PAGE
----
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Retaliatory strike by Tigers, says army

V.S. Sambandan

Internecine bloodletting goes on


Killings since 2004
  • March 3, 2004: `Col'. Karuna revolts against LTTE
  • April 12, 2004: `Col'. Militarily forced out by LTTE from east
  • Number of LTTE cadres and supporters killed: 115
  • Number of Karuna's cadres and supporters killed: 90

    COLOMBO: At least seven Tamil rebel fighters were killed in Sri Lanka's continued internecine bloodletting. While five of those killed were from the Tamil National Force (TNF) loyal to the former LTTE special commander, V. Muralitharan (`Col.' Karuna), at least two LTTE cadres were reportedly killed in the incident, which took place at 1.00 a.m. on Thursday.

    The LTTE has neither claimed nor commented on the incident. The Sri Lankan military said the incident could be a possible "retaliatory strike" by the Tigers on the supporters of `Col.' Karuna.

    According to TNF sources, two of the five Karuna loyalists were from the Eelam National Democratic Liberation Front (ENDLF), an ally of `Col.' Karuna's TamilEela Makkal Viduthalai Munnani.

    The LTTE has not commented on the incident.

    The killings took place at Siruvila in the north-central Polonnaruwa district, near the Batticaloa — the erstwhile stronghold of the `Col.' Karuna. The latest killings take the death toll in the year-long bloodshed after last year's rebellion by `Col.' Karuna past the 200-mark.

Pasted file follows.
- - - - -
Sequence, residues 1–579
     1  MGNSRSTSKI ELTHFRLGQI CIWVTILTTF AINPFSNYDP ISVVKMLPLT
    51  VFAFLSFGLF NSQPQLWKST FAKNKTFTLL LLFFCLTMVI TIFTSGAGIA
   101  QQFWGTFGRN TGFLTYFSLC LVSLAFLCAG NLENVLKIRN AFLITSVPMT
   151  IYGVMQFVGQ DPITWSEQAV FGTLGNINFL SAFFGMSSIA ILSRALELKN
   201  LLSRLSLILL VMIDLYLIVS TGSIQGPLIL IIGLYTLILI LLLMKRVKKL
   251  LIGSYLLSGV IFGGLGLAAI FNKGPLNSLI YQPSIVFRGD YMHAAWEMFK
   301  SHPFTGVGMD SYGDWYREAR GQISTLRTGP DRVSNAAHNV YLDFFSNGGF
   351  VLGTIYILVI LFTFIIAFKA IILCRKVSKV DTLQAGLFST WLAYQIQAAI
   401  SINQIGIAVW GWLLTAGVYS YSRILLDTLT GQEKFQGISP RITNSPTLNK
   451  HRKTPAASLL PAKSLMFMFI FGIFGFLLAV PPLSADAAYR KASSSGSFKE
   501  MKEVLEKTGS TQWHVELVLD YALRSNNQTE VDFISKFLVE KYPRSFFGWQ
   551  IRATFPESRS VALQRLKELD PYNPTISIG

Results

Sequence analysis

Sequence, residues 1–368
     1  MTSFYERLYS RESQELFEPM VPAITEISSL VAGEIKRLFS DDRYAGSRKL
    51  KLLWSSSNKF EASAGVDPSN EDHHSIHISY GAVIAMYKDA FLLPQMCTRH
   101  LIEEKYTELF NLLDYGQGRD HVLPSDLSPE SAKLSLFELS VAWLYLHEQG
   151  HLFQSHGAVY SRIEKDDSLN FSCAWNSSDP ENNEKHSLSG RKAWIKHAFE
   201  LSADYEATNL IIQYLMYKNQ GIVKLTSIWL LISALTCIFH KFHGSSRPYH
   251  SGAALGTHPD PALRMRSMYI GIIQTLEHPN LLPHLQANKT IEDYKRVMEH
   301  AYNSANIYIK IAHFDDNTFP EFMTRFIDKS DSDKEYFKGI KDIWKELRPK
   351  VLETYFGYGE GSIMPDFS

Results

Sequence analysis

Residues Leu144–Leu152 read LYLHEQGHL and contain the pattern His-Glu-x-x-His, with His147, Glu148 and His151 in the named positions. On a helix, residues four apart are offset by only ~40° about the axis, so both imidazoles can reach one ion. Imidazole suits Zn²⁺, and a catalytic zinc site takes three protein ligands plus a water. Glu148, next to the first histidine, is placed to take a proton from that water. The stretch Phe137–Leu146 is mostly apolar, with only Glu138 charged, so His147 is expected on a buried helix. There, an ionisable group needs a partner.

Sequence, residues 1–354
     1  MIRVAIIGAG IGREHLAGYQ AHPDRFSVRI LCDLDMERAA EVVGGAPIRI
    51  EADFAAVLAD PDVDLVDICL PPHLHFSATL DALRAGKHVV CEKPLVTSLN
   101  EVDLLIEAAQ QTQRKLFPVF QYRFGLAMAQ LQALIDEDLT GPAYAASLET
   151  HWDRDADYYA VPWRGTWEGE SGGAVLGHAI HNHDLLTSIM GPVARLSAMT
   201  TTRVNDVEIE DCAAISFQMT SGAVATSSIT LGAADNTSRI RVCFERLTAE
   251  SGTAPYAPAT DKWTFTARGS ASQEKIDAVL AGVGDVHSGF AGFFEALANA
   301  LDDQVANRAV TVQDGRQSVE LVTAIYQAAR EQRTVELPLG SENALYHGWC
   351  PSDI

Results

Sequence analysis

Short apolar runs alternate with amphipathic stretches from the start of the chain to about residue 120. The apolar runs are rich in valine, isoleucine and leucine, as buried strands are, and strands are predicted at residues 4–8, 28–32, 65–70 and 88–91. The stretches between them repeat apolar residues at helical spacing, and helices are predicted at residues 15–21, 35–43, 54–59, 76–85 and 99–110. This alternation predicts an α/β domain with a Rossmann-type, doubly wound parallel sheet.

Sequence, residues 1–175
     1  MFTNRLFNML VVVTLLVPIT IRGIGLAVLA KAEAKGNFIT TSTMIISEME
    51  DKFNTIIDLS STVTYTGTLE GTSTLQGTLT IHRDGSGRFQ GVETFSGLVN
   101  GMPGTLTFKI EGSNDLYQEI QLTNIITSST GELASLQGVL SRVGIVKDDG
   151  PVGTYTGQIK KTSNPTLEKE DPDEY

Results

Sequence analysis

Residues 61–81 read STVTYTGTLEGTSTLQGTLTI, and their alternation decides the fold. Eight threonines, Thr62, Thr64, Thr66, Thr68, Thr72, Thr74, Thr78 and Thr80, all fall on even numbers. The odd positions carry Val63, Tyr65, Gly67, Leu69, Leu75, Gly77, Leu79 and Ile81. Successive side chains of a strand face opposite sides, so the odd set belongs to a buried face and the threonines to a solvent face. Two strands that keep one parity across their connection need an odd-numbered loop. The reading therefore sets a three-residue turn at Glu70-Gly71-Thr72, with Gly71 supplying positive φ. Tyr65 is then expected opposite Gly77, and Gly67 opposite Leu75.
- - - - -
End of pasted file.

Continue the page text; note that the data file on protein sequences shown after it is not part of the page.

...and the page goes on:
Reports differ on the number of persons killed and the mode of Thursday's attack, with the Sri Lanka Army saying it heard of no evidence of gunfight, while `Col. Karuna's supporters asserted that there was an "hour-long confrontation with semi-automatic weapons."

    As Thursday's attack is a year after the LTTE overthrew `Col.' Karuna's forces from Batticaloa on April 12, 2004 after a three-day frontal assault, it is seen as a "commemorative event" and hence, had not taken the Sri Lankan defence by surprise.

    "The clash between them is going on for more than a year; this is a continuation of the same thing in another form.

    They [the LTTE] want to show they are powerful," the Sri Lankan military spokesperson, Daya Ratnayake, told The Hindu .

    Joint mechanism

    The Sri Lankan President, Chandrika Kumaratunga, on Thursday said the proposed joint mechanism between Colombo and the LTTE will be "a foundation" to find a solution to the island-nation's decades-long separatist conflict. In her message to mark the Sinhala and Tamil New Year, which was celebrated across the island on Thursday, she urged the people to "shed all differences and resolve to re-build the nation in unity." The joint mechanism is aimed at providing reconstruction aid to the tsunami-affected regions, she said.

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